Chapter 2 -- Establishing a Constitutional Democracy

Chapter 2 -- Establishing a Constitutional Democracy -...

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Establishing a  Constitutional Democracy
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2 Democracy in the Early Colonies The Virginia Company and “Virginia” Founded by Sir Walter Raleigh Named after Queen Elizabeth Colony failed, later bought and named Jamestown Jamestown in 1619 had first representative assembly Self-government short-lived 1624 James I reclaimed the territory by divine right Royal colonies king’s representative elected assemblies (only advisory) Pilgrims (1620) religious dissenters rejected divine right of kings formed Mayflower Compact • express consent to be governed
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3 The Colonial Experience With Democracy: Governance Proprietary colonies : governed by English noble or company when unsuccessful became royal colony Power in both types of colonies divided governor: patronage power two-chamber legislature: power to tax lower chamber: colonial assembly • upper chamber: colonial council • not democratic: voting restricted to qualified males
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4 Spread of Democratic Ideals During the Revolutionary War Taxation without representation 1765 imposition of Stamp Tax on colonies Colonists had never paid a direct tax, had no voice Stamp Act Congress Patriots — Boston Tea Party
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5 Spread of Democratic Ideals During the Revolutionary War The Continental Congresses 1774: First Continental Congress 12 colonies sent delegates issued statement of rights, called for boycott Patriots began military activity; Tories remained loyal to crown Shot heard round the world 1775: Second Continental Congress 1776: Declaration of Independence Seven-year war for independence ended with the Treaty of Paris in 1783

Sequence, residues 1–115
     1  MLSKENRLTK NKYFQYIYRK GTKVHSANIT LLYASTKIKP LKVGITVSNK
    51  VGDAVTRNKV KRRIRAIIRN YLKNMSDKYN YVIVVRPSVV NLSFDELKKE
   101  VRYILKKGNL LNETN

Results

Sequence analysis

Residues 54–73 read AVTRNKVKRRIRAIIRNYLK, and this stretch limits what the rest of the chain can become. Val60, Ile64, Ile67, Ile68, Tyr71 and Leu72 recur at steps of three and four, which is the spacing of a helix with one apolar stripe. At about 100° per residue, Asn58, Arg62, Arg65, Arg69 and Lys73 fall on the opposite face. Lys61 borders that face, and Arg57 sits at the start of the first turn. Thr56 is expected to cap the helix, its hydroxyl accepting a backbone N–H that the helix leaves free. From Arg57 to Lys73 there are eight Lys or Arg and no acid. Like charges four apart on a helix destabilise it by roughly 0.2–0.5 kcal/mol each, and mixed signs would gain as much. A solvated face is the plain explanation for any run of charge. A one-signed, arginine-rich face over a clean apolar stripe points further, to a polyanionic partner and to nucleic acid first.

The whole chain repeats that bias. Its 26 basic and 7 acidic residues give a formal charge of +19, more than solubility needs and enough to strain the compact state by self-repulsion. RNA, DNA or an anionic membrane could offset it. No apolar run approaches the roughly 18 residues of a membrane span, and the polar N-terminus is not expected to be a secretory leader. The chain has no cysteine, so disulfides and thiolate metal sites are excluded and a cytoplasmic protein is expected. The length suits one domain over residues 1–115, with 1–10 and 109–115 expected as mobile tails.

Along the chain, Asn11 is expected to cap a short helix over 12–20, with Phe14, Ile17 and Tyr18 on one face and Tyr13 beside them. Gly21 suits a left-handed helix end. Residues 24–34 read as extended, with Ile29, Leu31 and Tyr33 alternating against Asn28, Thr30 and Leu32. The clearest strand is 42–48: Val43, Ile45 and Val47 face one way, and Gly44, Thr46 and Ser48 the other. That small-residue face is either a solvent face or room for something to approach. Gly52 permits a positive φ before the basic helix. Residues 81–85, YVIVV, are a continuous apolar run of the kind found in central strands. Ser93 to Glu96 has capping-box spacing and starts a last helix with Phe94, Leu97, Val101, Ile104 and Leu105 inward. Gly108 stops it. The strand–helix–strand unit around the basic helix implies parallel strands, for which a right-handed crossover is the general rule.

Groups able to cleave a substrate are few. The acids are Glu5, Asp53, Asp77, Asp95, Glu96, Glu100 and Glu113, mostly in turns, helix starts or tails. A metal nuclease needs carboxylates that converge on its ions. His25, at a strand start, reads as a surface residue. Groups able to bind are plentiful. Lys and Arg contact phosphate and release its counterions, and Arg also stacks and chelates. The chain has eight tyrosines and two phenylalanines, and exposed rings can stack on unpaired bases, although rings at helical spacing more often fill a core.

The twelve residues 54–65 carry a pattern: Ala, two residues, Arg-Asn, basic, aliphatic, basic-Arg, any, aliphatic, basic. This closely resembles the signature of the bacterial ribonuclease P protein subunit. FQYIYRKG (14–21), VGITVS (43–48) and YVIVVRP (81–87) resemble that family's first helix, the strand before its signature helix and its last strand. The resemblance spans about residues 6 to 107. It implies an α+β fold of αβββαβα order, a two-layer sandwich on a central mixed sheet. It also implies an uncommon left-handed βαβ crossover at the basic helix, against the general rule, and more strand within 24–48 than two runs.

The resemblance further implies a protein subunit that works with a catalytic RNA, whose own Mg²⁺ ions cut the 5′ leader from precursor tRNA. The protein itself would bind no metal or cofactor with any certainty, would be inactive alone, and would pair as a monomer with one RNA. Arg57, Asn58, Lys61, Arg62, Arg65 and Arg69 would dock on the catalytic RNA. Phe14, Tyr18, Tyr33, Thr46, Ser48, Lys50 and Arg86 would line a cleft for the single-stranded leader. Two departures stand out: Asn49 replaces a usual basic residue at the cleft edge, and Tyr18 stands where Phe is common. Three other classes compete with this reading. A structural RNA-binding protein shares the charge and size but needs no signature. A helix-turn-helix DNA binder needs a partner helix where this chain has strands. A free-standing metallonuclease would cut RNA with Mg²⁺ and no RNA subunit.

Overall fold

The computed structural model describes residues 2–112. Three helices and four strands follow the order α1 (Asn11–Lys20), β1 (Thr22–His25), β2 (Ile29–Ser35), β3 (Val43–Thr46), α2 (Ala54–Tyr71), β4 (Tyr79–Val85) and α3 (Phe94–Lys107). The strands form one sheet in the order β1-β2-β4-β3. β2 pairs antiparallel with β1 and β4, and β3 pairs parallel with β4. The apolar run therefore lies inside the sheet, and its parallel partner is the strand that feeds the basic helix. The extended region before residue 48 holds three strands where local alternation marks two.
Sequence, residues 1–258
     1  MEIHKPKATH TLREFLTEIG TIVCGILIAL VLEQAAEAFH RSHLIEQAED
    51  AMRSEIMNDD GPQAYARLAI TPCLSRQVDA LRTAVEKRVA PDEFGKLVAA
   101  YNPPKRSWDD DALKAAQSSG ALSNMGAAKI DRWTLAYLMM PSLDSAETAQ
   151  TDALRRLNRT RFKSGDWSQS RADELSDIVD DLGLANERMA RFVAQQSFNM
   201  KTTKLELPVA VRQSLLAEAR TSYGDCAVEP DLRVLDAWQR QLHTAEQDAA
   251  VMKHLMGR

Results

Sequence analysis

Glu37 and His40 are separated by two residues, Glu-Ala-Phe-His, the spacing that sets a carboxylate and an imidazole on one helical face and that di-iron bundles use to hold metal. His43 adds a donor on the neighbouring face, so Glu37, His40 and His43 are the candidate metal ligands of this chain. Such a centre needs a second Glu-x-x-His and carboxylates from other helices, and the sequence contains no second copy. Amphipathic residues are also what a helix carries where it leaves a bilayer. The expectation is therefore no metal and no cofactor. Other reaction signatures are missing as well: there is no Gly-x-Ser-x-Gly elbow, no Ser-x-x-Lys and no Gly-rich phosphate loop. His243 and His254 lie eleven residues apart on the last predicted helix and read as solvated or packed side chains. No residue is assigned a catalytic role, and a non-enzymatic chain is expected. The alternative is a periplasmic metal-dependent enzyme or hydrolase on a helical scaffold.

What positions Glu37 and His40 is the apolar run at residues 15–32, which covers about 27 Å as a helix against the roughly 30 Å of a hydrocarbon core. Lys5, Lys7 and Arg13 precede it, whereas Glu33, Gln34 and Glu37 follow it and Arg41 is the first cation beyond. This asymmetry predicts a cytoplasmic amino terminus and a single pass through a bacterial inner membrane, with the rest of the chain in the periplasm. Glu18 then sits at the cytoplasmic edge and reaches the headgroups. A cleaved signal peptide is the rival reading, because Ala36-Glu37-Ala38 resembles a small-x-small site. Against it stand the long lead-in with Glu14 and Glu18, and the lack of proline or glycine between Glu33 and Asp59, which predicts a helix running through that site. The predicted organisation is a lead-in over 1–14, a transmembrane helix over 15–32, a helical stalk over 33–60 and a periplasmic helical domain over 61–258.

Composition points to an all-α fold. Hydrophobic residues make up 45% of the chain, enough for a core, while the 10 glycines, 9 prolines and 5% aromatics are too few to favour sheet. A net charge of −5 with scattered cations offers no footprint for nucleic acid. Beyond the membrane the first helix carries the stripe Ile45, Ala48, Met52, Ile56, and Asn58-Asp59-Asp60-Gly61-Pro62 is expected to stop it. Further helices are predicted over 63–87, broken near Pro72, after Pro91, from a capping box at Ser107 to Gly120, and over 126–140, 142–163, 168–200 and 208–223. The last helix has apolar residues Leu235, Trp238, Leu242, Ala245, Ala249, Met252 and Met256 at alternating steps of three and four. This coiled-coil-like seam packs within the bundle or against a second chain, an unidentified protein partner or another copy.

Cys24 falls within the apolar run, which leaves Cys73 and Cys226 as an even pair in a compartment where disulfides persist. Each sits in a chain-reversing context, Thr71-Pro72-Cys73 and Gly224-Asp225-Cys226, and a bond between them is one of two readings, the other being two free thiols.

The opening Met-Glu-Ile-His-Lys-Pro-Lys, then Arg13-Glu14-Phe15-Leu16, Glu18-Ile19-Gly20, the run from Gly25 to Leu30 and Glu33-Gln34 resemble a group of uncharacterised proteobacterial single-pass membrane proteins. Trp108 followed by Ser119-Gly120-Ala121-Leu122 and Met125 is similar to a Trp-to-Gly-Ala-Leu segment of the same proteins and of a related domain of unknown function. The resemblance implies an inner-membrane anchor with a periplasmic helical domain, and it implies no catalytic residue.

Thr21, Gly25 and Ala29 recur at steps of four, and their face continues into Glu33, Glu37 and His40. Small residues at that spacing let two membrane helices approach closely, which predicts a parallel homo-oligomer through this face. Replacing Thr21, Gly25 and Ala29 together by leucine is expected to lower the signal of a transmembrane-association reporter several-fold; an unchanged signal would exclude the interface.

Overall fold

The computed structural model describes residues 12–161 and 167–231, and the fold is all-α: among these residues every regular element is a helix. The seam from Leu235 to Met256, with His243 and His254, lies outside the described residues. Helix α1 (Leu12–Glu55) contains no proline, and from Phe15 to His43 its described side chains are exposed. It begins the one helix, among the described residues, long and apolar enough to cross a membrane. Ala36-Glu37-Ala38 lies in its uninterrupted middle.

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6 Theory of Rights and Representation Declaration of Independence replaced the “divine right” philosophy with three principles: I. Government arises from consent of the governed. II. Power should be divided among separate institutions. III. Citizen rights must be protected.
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7 Theory of Rights and Representation I. Consent of the Governed Hobbes (1651) Kings govern not by divine right, but by consent of the governed. “war of all against all” “solitary, poor, nasty, brutish and short” Therefore, must invest power in one ruler to avoid conflict.
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8 Theory of Rights and Representation II. Separation of Powers Locke (1690) consent of governed but no need to concentrate power in one ruler legislative power executive power usually a king Montesquieu later added judicial power
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Theory of Rights and Representation III. Protection of Citizen Rights Whigs: critics of concentration of power
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This note was uploaded on 07/21/2008 for the course GOV 310L taught by Professor Kieth during the Summer '07 term at University of Texas at Austin.

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Chapter 2 -- Establishing a Constitutional Democracy -...

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